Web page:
Formula 1 race director Charlie Whiting says that Red Bull should have followed the FIA's advice over Daniel Ricciardo's fuel flow rate during the Australian Grand Prix.
Ricciardo finished in second place on his Red Bull debut but the stewards discovered that his RB10 had exceeded the 100kg/hr fuel flow rate during the race.
Ricciardo was consequently excluded from the race.
Red Bull will appeal the decision with team principal Christian Horner insisting that Ricciardo remained within the limit across the duration of the weekend.
Red Bull was warned during Sunday's Australian Grand Prix that Ricciardo was in breach of the regulations.
"We advised them twice after qualifying and five laps into the race to take the necessary steps to comply with the regulations," Whiting told The Times. "They chose to use their own calculations to show they complied. If they had followed the advice we gave them at the time, we would not have had a problem and they would not have been penalised.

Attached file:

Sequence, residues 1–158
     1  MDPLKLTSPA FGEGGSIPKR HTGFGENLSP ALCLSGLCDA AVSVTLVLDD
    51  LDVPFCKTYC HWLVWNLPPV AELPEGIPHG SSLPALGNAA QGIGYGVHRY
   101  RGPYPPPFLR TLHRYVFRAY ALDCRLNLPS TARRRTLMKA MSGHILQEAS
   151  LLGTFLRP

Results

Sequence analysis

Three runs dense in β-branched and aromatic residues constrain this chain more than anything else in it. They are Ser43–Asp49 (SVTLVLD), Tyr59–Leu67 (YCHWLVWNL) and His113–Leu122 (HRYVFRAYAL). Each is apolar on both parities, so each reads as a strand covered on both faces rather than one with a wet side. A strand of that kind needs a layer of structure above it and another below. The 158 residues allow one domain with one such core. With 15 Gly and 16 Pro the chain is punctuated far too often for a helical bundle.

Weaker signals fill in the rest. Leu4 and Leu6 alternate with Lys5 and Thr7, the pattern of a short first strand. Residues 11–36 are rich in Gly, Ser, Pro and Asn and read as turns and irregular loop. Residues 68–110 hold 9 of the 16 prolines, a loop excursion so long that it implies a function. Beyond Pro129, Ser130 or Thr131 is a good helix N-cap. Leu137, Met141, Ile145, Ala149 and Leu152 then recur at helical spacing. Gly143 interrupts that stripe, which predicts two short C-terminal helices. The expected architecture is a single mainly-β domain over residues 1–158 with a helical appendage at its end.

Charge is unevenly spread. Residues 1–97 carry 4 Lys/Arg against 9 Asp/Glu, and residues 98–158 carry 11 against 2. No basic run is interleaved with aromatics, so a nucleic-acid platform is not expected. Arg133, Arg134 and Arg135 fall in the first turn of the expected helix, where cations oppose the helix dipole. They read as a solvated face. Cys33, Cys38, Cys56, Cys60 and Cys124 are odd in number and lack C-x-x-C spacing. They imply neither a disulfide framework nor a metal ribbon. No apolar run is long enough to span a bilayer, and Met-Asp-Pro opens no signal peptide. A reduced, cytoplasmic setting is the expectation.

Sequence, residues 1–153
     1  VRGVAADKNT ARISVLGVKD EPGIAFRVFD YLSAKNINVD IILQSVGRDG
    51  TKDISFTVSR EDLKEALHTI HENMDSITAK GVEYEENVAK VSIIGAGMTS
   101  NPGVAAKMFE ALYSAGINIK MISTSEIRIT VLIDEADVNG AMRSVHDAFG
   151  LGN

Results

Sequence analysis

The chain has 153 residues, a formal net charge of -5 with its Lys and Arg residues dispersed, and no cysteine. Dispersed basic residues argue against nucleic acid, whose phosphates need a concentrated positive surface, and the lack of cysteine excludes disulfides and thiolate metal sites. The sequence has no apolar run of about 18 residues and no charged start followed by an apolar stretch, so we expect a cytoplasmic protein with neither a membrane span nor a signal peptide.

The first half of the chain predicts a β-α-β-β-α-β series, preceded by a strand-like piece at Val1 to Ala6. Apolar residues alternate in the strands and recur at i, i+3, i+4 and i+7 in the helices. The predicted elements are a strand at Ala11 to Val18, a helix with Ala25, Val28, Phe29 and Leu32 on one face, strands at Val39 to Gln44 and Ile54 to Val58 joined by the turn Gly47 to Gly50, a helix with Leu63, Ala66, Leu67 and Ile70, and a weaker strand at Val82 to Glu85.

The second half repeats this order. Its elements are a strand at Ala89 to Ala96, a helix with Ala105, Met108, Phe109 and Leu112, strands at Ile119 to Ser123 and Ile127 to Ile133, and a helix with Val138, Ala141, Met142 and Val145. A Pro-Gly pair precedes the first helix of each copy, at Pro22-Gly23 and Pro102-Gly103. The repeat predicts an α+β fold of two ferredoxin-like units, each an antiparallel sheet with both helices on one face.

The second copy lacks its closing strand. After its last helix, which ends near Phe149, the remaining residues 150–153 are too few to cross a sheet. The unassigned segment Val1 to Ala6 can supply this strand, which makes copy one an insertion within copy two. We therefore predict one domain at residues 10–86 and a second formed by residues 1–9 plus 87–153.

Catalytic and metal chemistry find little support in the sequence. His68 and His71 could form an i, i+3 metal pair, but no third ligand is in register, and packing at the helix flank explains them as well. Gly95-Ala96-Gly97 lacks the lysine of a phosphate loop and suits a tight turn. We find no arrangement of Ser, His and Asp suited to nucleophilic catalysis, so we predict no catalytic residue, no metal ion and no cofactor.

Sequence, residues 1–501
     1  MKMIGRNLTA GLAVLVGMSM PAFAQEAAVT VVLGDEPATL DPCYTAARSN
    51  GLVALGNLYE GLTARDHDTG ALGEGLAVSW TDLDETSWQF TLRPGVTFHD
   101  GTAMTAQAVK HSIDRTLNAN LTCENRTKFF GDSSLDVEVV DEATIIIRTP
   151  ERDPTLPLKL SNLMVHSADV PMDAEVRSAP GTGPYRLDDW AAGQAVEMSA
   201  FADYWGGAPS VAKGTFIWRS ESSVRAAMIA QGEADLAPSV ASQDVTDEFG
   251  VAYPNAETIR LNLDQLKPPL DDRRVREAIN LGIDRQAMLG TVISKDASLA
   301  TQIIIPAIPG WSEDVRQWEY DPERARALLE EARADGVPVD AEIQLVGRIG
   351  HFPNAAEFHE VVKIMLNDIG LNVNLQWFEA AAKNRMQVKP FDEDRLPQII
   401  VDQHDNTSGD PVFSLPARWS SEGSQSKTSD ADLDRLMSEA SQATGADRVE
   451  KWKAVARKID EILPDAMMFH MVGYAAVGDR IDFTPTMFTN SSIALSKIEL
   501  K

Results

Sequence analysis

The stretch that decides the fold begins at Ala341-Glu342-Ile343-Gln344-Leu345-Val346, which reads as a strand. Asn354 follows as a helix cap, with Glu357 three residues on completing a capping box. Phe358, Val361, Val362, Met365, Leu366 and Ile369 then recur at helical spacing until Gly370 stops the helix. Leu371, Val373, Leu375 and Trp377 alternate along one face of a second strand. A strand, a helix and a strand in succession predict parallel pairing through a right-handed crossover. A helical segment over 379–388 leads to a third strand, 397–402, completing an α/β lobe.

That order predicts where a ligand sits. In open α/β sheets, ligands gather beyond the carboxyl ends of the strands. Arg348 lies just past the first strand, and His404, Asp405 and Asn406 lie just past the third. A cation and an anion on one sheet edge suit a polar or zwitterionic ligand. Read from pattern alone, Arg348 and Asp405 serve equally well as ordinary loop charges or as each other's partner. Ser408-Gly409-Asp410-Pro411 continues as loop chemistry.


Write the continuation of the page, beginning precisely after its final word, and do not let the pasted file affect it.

"If their sensor was kaput, then things would have been different. It is a human thing because they have the ability to do what was needed to comply."
The company which supplies the fuel-flow meters, Gill Sensors, says it has the backing of the FIA.
"Following the Australian Grand Prix last weekend, the FIA have provided Gill Sensors with positive feedback on the performance of the fuel-flow meter, confirming their confidence in the development and stating the meters meet the FIA's accuracy specification," the company said in a statement.
"The meter development included an extensive testing programme, which involved liaising with many of the F1 teams for their valuable feedback on meter design and functionality. Meter calibration is handled by the FIA's third-party calibration company.
"The meters utilise ultrasonic technology which was selected for its resilience in extreme operating conditions."